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Ramming Values Down Other People’s Throats

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In Texas, a group called the Republican Leadership Council is asking that the local public library board pull a couple of children’s books from the shelves. Another group, calling themselves Mainstream Montgomery County has reared up its head in opposition, siting the usual stuff about separation of church and state and not imposing religious values on others.

In some places, this story’s been brought up by people suggesting that book banning is one step away from book burning. Hmm. Perhaps. But a search through Google shows darned few hard news stories on this issue that aren’t simply editorials. There were two, a Houston Chronicle article and another from the Montgomery County News, which take an almost-identical slant describing the “book banners” and the anti-banners. The only story in the Google news archives at this writing which does not focus on the “anti-censorship” folks was this story from The Courier. Everything else seems to be a bunch of editorials comparing those who have a problem with these books to Nazis, communists, fascists, and book burners. Most of the coverage is distinctly one-sided.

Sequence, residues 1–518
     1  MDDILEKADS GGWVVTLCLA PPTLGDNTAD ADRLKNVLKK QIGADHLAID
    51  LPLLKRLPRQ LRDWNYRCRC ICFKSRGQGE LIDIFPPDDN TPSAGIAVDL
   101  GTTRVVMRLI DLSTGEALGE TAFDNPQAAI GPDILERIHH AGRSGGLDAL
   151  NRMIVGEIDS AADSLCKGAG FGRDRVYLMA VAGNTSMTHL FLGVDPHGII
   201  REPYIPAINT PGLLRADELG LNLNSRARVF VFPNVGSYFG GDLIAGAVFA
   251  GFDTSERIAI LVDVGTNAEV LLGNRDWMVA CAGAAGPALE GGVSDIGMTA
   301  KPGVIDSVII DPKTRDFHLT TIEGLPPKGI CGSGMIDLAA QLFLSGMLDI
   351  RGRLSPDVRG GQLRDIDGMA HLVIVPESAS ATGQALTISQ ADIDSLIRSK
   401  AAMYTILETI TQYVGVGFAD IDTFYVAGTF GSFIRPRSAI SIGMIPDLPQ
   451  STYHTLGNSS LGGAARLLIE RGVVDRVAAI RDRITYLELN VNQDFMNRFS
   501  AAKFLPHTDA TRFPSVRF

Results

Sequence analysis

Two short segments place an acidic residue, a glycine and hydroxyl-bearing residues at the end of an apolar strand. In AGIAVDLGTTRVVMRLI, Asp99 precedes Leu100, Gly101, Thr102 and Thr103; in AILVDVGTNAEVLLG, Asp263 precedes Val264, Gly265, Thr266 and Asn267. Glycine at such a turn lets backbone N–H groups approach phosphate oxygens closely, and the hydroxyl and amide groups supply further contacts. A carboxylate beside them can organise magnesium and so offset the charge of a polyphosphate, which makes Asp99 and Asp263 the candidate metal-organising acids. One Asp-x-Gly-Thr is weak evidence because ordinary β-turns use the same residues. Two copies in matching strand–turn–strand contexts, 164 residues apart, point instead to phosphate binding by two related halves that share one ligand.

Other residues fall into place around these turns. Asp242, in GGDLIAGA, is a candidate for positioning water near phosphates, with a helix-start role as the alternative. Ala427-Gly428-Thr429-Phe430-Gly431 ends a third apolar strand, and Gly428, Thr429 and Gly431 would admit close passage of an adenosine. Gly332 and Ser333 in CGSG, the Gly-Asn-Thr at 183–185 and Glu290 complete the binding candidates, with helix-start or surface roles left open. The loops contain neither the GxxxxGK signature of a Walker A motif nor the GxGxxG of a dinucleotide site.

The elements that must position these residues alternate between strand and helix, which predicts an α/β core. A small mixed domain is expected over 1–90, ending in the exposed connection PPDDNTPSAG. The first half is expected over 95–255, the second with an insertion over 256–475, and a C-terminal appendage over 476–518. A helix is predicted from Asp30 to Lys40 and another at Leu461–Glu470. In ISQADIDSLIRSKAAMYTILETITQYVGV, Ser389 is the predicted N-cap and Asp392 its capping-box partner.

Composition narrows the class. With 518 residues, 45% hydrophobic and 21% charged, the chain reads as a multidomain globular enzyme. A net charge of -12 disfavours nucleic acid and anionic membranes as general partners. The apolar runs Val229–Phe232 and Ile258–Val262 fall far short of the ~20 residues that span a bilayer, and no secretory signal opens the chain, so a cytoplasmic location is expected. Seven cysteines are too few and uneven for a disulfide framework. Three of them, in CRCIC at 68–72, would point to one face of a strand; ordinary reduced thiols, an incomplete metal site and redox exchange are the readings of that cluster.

What should be apparent to any liberal-minded person is that every group involved here is attempting to ram their values down other people’s throats. That’s right, all of them. But the worst by far seem to be the “anti book-banners,” piously claiming to be fighting the evil forces of intolerance. Good God, what a bunch of turds these people come across as. No respect for democracy, no respect for diversity, no tolerance of people who don’t share their narrow worldview and small-minded prejudices.